Moreover, the rally in US equities that began last year doesn’t reflect conditions seen in prior boom-and-bust cycles, such as big gaps between share prices and their values, or the significant use of leverage, according to Bank of America Corp.’s strategists led by Savita Subramanian.

“Sentiment has warmed up on equities since mid-2023, driving our slightly lower level of conviction in an up market, but is nowhere near bullish levels of prior market peaks,” they wrote. “In our view, this bull market has legs.”

Another aspect is that robust profits from some of the tech behemoths have also brought down sky-high valuations. They remain relatively stretched — but are still well below prior peaks. 

Stock Rally Stalls in Countdown to Inflation Data: Markets Wrap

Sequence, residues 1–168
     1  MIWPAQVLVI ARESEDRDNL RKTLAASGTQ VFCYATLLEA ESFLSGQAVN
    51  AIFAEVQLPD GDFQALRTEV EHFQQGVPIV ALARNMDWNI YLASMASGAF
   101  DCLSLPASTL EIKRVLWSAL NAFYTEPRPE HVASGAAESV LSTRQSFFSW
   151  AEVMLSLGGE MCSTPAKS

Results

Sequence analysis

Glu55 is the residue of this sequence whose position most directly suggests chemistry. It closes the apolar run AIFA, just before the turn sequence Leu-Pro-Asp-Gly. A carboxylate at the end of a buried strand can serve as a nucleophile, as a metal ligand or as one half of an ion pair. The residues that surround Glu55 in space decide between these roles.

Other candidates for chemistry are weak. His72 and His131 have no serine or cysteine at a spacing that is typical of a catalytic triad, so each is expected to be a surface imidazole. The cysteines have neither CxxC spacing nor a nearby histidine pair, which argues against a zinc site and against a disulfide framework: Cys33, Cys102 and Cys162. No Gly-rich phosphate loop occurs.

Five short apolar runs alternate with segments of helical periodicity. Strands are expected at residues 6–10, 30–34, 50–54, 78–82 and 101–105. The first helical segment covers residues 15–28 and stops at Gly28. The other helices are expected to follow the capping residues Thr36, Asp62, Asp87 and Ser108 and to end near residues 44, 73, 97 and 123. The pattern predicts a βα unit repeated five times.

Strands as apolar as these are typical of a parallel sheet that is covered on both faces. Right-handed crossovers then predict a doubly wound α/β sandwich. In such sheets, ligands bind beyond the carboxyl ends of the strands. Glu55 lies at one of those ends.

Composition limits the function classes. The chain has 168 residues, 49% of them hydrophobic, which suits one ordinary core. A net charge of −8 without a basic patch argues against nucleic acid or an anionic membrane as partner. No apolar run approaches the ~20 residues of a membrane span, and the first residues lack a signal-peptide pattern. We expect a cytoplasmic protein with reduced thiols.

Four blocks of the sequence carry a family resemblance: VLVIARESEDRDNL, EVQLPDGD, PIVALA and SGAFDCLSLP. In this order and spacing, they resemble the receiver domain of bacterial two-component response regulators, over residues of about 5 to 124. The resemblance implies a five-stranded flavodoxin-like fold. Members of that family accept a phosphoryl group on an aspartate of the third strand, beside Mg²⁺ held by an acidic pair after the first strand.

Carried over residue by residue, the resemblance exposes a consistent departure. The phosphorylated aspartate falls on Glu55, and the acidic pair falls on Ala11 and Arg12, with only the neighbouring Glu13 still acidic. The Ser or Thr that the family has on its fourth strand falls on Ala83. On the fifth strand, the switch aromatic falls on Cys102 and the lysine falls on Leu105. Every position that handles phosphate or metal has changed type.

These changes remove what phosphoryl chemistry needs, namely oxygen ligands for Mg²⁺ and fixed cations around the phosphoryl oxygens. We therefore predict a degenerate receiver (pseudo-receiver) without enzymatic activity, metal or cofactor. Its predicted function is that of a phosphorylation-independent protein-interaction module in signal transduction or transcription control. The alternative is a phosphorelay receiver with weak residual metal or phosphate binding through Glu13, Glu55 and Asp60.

The “Magnificent Seven” tech stocks, for example, trade near their average price-to-earnings ratio since 2015, data compiled by Bloomberg show. The group comprises Apple Inc., Alphabet Inc., Inc., Meta Platforms Inc., Microsoft Corp., Nvidia Corp. and Tesla Inc.

And the ranks of Wall Street strategists playing down concerns around a bubble in US technology megacap stocks only keeps growing.

The team at JPMorgan Chase & Co. was the latest to flag that valuations of the seven tech giants that have led the record-breaking rally on Wall Street are currently lower relative to the rest of the S&P 500 than the average of the past five years.

“There is a concern over the very strong outperformance of the Magnificent 7, but we note that the group is currently trading less stretched than a few years ago, given earnings delivery,” strategist Mislav Matejka wrote in a note.

For investors questioning how much further the S&P 500 can be powered by that narrow group of shares, breadth in the US stock market has actually been improving. While tech remains in the leadership position, an equal-weighted version of the S&P 500 — where the likes of Nvidia Corp. carry the same heft as Dollar Tree Inc. — has recently hit a record.